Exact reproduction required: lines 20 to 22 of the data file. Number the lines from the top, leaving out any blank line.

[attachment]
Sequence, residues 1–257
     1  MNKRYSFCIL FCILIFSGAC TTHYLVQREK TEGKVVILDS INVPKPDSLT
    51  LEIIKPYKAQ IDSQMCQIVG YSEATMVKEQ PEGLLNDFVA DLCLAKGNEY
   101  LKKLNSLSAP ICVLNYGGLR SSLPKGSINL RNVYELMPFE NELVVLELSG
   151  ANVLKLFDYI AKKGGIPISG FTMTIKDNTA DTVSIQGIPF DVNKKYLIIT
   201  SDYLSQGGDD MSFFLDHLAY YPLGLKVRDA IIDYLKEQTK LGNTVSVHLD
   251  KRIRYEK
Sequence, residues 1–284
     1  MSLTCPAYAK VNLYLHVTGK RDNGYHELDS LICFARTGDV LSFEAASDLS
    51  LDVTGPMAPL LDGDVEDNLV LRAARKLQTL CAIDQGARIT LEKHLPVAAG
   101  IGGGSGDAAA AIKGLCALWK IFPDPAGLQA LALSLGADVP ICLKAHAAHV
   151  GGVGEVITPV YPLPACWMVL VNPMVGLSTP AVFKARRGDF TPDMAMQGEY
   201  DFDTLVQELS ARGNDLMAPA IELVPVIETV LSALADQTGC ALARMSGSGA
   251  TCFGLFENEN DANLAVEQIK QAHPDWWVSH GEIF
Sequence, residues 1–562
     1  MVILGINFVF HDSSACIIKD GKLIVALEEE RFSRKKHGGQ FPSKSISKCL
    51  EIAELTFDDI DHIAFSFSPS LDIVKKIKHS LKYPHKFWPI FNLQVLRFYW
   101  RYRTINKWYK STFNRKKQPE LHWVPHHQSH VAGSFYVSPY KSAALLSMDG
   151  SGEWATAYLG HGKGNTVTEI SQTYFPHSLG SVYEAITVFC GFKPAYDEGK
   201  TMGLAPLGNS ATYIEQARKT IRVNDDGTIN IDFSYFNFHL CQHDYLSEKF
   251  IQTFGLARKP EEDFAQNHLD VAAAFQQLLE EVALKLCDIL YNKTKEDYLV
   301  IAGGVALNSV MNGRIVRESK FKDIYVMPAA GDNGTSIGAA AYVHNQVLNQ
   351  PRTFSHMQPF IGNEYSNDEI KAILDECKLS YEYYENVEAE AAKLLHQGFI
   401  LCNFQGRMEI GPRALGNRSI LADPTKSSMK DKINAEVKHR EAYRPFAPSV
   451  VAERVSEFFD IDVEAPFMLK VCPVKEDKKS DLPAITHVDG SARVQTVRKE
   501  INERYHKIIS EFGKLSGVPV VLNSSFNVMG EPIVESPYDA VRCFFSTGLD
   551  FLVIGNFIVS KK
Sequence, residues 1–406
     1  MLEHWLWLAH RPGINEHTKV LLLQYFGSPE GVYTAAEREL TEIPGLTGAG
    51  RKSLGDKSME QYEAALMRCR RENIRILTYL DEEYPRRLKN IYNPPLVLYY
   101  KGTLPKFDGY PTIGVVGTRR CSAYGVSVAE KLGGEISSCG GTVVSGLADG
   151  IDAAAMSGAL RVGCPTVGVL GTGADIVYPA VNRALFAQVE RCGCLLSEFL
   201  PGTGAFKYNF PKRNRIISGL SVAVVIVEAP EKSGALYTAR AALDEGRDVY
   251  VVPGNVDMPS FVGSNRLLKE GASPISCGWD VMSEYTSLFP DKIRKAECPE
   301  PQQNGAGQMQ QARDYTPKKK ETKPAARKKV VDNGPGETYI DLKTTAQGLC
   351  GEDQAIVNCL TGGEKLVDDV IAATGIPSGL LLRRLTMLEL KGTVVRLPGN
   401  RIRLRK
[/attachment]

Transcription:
   201  TMGLAPLGNS ATYIEQARKT IRVNDDGTIN IDFSYFNFHL CQHDYLSEKF
   251  IQTFGLARKP EEDFAQNHLD VAAAFQQLLE EVALKLCDIL YNKTKEDYLV
   301  IAGGVALNSV MNGRIVRESK FKDIYVMPAA GDNGTSIGAA AYVHNQVLNQ